An aromatic cup of coffee accompanied by a lit cigarette is a classical combination.
Why do these two seem to complement each other so well? Does it depend on environmental or genetic factors? In what was to become the largest twin study of its kind, scientists at the Department of Biological Psychology at the University of Amsterdam attempted to answer the latter questions.
Their research was carried out in multiple steps:
• Applying bivariate genetic models on data of over 10 000 registered twins.
• Calculation of genetic correlation using (LD-score regression) statistics obtained in meta-analyses of genome-wide association studies on smoking and caffeine.
• Mendelian randomization analysis was used on more 13 000 people including 6605 twin register participants to consider causal effects.
As it transpires, the results of the twin model analysis gave a correlation that pointed towards a genetic predisposition to caffeine and nicotine cravings, as did the calculations of the genetic meta-analysis. The Mendelian randomization analysis did not produce any evidence of causal effects. The overall results suggest genetic factors predispose individuals to form an association between consumption of coffee and cigarettes.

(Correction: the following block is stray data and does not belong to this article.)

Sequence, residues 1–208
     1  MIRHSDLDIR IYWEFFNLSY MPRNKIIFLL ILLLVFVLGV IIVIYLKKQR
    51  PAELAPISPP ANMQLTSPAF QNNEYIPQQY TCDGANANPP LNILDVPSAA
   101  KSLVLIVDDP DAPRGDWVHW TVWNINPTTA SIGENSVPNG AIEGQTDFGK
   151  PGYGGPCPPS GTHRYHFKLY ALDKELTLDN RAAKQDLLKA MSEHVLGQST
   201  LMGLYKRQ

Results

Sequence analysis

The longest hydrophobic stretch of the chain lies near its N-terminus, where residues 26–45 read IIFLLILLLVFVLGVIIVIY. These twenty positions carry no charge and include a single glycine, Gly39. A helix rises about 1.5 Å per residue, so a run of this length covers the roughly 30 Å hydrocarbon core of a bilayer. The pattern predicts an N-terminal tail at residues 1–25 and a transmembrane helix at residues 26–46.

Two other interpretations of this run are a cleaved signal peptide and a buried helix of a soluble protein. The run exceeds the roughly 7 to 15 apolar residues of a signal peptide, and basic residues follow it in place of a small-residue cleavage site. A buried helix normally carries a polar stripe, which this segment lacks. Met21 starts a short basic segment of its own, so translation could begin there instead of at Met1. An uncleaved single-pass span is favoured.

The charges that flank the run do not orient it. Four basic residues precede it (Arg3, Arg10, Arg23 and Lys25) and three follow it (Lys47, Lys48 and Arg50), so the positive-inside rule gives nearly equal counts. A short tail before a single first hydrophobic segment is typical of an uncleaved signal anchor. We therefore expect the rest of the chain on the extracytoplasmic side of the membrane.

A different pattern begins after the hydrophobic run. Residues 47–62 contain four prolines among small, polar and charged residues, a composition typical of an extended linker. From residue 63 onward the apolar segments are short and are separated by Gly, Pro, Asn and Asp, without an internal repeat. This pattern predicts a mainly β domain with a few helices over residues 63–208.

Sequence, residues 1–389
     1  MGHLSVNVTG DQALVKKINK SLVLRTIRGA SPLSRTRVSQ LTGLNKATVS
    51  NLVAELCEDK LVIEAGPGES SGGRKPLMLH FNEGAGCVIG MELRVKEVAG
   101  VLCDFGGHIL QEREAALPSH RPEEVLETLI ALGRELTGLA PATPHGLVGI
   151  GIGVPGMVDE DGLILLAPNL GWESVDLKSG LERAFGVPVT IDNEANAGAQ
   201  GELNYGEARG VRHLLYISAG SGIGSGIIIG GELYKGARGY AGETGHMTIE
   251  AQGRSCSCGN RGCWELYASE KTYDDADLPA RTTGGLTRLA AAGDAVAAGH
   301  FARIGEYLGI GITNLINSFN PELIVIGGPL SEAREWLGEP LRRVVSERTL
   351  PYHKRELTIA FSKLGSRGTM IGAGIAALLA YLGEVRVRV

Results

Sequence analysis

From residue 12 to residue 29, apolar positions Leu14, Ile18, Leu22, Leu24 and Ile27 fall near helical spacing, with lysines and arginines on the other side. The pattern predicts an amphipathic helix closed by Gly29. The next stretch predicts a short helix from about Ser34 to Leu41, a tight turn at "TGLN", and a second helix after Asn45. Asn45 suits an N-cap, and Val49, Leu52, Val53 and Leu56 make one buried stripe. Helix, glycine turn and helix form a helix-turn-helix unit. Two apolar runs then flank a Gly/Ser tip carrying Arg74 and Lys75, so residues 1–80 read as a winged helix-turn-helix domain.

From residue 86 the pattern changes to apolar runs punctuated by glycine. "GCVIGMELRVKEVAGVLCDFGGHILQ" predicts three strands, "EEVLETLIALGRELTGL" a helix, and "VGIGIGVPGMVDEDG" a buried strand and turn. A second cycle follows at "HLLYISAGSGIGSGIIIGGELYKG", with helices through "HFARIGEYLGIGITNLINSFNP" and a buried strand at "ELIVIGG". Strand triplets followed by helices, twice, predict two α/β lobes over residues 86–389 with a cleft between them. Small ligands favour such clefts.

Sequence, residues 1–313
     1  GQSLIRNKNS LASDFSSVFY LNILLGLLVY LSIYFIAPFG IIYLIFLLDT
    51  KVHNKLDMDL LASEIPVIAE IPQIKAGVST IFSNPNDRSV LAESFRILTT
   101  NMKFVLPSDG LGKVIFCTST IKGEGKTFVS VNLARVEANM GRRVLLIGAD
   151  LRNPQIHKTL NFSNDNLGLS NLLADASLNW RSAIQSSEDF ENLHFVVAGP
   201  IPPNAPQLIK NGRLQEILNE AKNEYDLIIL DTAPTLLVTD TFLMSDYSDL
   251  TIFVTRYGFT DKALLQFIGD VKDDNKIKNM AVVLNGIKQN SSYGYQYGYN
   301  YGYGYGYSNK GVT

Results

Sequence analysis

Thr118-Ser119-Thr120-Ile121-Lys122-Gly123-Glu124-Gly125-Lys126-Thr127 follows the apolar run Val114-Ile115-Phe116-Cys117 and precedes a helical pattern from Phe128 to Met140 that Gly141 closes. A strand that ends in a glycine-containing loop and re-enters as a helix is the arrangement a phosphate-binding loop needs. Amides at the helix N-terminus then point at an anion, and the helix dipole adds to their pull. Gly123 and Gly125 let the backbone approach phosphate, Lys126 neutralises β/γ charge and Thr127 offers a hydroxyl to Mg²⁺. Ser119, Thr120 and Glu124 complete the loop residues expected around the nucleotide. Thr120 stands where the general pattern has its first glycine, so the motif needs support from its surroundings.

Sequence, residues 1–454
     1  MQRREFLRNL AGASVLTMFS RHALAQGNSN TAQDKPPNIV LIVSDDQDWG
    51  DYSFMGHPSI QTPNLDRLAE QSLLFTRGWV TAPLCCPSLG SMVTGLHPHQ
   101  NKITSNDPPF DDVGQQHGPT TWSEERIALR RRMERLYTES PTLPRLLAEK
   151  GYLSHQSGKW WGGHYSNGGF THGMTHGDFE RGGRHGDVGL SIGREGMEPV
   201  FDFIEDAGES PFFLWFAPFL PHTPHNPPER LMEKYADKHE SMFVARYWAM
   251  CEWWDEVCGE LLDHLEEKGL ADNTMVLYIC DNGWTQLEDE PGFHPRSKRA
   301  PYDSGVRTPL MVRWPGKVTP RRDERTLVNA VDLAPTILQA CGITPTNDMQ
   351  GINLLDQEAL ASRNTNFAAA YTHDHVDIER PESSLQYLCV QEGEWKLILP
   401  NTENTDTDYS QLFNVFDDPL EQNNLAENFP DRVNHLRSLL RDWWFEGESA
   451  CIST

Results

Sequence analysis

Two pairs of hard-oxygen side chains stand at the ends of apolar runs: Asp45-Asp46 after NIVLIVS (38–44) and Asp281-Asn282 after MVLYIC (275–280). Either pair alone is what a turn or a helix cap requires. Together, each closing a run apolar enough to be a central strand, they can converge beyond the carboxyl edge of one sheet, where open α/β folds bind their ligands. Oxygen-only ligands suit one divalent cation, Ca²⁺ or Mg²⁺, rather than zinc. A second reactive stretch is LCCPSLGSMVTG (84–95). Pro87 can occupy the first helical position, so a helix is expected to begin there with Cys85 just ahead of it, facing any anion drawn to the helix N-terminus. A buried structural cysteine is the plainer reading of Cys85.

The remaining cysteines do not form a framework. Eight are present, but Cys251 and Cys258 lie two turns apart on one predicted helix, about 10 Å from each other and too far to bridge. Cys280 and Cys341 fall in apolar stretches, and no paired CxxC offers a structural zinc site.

Individuals who smoke and drink coffee, will have a difficult path to lowering their nicotine dependence if they consume high levels of caffeine.
Consequently, individuals who smoke and drink coffee, will have a difficult path to lowering their nicotine dependence if they consume high levels of caffeine, as we see that in many individuals that co-dependency on both, caffeine and nicotine, is commonplace.
Considering the biochemical association of active the substances in coffee and cigarettes, a strange phenomenon can be witnessed. The nicotine affects the breakdown of caffeine shortening its half-life which means smokers may consume more coffee in order to reach the desired caffeine levels then, consume more cigarettes to counter the effects of peak caffeine in plasma.
Author: Dāvis Liepa
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